#85 JACKASS (GC1RRJW)
Stony Point in Betty’s Bay, South Africa
We took the “Souties” (Boer&Brit) to see the Stony Point penguin colony in Betty’s Bay just in time to witness the collar-and-tied 5’o’clock parade from fishing grounds to breeding area.
The African Penguin (Spheniscus demersus), widely known as the “Jackass” Penguin for its donkey-like bray, is a species of penguin confined to southern African waters and is currently listed in the Red Data Book as an endangered species.
The general decrease in their numbers has been attributed to many factors. Until very recently, penguin eggs were considered a delicacy and were collected for sale. This practice also included smashing older eggs to ensure only fresh ones were collected. Their population decline was further hastened by the removal of guano from islands for use as fertilizer. This eliminated the burrowing material used by penguins.
Other factors include commercial fishing that has resulted in a decrease in their preferred prey, and has forced these penguins to search farther off shore. Global climate change is also affecting prey abundance.
An estimated 4 million penguins existed at the beginning of the 1900’s. The total population fell to 200,000 in the year 2000, and ten years later, in 2010, the number was estimated to be only at 55,000. If this decline is not halted, the African Penguin is expected to be extinct within the next 15 years.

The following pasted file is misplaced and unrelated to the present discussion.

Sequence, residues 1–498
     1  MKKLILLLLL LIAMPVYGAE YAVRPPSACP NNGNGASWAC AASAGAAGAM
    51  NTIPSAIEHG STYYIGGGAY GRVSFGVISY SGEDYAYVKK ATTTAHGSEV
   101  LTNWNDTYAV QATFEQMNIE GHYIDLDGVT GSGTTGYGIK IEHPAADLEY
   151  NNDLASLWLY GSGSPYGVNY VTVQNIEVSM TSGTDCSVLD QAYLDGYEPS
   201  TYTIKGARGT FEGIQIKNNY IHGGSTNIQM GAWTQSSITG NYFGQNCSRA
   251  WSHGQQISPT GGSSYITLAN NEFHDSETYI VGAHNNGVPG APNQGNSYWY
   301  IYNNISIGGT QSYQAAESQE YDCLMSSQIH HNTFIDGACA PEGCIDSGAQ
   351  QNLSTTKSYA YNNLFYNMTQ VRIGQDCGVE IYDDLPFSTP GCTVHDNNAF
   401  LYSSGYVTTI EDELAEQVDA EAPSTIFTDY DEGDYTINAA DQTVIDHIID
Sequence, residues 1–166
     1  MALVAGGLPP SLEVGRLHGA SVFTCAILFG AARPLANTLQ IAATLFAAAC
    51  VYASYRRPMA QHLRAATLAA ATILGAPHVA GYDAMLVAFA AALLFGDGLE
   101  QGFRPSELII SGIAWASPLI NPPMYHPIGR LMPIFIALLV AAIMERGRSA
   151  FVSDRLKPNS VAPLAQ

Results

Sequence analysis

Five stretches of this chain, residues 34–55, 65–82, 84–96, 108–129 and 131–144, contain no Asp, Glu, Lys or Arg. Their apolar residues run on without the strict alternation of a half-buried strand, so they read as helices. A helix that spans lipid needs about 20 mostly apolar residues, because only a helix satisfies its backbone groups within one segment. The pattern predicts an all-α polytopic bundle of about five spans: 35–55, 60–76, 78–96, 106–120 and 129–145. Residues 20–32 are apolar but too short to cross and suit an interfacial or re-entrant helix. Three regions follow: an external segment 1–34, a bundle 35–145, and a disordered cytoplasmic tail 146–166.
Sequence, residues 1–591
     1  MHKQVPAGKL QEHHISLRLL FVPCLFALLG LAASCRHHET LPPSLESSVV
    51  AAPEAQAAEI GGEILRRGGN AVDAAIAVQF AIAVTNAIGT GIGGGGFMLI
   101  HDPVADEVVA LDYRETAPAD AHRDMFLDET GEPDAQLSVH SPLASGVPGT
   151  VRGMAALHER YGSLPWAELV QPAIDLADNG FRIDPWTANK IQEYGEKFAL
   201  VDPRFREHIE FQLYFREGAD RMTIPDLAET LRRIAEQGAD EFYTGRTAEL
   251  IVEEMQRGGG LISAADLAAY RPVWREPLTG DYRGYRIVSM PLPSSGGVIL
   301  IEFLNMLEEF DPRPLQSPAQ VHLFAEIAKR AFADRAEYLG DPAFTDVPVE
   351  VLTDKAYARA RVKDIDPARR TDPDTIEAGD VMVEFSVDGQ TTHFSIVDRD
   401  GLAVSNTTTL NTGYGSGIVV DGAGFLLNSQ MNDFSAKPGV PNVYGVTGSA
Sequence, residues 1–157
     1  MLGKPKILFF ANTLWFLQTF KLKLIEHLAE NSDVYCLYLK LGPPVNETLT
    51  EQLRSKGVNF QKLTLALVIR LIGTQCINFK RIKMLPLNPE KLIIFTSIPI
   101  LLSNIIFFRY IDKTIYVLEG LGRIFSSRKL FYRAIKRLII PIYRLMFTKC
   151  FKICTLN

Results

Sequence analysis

Penguins remain susceptible to pollution of their habitat by petrochemicals from spills, shipwrecks and cleaning of tankers while at sea.
This was reiterated in 2000 following the sinking of the iron ore tanker MV Treasure between Robben Island and Dassen Island along the Cape coast of South Africa. Over 1,300 tons of fuel oil were released into the coastal waters, oiling 19,000 adult penguins and thousands of other coastal birds. Over 19,500 un-oiled penguins were removed from this area and temporarily relocated 800 kilometres east of Cape Town, allowing workers a couple of weeks to complete the clean-up of oil before they return to their nesting grounds.
Tens of thousands of volunteers descended upon Cape Town to help with the rescue and rehabilitation process. It was the largest animal rescue event in history, took three months to complete and resulted in the successful rehabilitation and release of more than 91% of the penguins.
Suikerbossies support the South African Foundation for the Conservation of Coastal Birds (SANCCOB).
Post-blog note: Suikerbossies have since activated Petronella Pikkewyn (Penguin) TB in support of the cause.